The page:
5. Jennifer Hansen
    Posted August 10, 2015 at 7:46 pm | Permalink

    I think that many of us who’ve been on the diet treadmill have a Question Zero that must be answered before everything else. That question is: Am I hungry?

    It isn’t always as obvious as one thinks. Being a good eater in this culture often means ignoring hunger. We eat a good breakfast even if we don’t want breakfast or that much breakfast or breakfast-type food. We snack because it’s good for us or don’t snack because it’s not good for us, depending on who we believe, and regardless of whether we want snacks or not. We have our carefully metered 600-calorie dinners when our appetites are roaring for more, or when we really would feel better with a couple of Dagwoods at lunch and a cup of clear soup for supper. We’re not supposed to think about it because hunger is some kind of weakness or even a social solecism like public farting. Honestly, what a mess!

    So I think that before planning for micronutrients and such, it might be a good idea to jot down on a piece of paper what one eats (not with obsessive detail, just what it was, roughly when, and “a lot” or ” a little”) along with how hungry one is before and after. Do this for about a week, and patterns might emerge. This was how I learned that most so-called snack foods just made me hungrier after half an hour (so away with them and in with things that really helped), and that if I got up very early I would feel better if I just worked at this and that until later in the morning and then ate breakfast.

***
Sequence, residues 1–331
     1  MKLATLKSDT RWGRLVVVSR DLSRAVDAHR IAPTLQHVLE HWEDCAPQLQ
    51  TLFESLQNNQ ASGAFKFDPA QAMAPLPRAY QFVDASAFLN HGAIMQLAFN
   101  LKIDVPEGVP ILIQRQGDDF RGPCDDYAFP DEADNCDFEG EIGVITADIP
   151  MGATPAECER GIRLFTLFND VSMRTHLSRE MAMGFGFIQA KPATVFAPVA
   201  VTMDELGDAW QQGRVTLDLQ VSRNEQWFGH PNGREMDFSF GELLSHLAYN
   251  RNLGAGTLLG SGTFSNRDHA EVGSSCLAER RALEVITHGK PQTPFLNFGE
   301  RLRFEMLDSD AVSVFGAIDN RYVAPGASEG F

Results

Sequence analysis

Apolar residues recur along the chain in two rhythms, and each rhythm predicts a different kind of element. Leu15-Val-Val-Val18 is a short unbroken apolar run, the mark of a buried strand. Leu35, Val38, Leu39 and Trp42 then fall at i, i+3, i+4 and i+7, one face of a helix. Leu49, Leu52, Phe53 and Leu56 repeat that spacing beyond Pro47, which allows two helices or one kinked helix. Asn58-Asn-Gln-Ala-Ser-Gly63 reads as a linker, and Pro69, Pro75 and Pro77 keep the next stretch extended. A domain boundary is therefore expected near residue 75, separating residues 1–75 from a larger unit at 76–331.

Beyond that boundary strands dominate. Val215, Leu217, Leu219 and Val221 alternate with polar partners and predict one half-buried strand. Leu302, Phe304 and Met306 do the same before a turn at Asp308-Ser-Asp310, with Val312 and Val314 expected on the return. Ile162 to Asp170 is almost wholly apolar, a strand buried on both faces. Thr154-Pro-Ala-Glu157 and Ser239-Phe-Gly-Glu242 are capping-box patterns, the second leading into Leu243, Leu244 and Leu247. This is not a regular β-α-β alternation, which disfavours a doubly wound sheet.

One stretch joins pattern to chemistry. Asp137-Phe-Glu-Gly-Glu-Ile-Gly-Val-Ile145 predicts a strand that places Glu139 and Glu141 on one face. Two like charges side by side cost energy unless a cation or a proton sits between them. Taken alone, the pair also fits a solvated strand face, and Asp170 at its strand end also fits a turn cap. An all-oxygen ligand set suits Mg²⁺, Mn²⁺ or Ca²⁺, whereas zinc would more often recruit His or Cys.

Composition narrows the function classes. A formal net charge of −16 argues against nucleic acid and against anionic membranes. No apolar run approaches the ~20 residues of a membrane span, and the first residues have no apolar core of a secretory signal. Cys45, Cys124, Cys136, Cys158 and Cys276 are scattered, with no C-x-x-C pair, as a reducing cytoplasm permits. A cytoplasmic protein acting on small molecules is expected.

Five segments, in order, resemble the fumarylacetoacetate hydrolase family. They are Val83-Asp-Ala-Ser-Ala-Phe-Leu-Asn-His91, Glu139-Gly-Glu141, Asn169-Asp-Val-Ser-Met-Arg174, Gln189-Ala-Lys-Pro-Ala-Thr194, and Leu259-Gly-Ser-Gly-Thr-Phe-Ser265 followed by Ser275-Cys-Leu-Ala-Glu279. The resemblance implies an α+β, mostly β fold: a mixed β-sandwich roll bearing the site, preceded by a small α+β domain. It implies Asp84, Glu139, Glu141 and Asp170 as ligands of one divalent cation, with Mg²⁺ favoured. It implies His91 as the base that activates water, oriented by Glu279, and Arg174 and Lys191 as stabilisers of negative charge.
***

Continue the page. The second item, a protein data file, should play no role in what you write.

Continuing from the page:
6. JessDR
    Posted August 10, 2015 at 9:13 pm | Permalink

    This is so important, thank you! (And BTW, tuna + mac & cheese = DELICIOUS. Especially if you add some frizzled onions…)

  7. JamieG
    Posted August 11, 2015 at 1:21 am | Permalink

    My diet is vastly improved over what it was a few years ago (I eat probably twice as many different foods, usually at least twice a day!), but I still can’t get over the vegetable hurdle. It’s not a weight loss thing for me – since I started eating better, I’ve actually put on a fair amount of weight (the time period also correlated with what I think is normal early-twenties weight gain, so I have no idea if it’s related) and I’m okay with that – but rather that I know I’ve felt so much better since I started eating more foods, and that I know I feel so much worse when I slip back into a fast food only diet for a few days, due to whatever circumstances. So I’d love to be able to expand my horizons further; I’m a very picky eater, and I’ve been trying to work on it just by eating a new food every week so the concept stops being terrifying, but so far almost nothing has actually been what I’d deem edible.

    That rambling said, when you say you learned to like a bunch of different foods… how? Does the standard little kid advice of “eat something a dozen times and they’ll like it” apply to adults as well? And is there no easier/more efficient option than wasting money buying food I don’t like just so I can try it again repeatedly?

  8. rydra_wong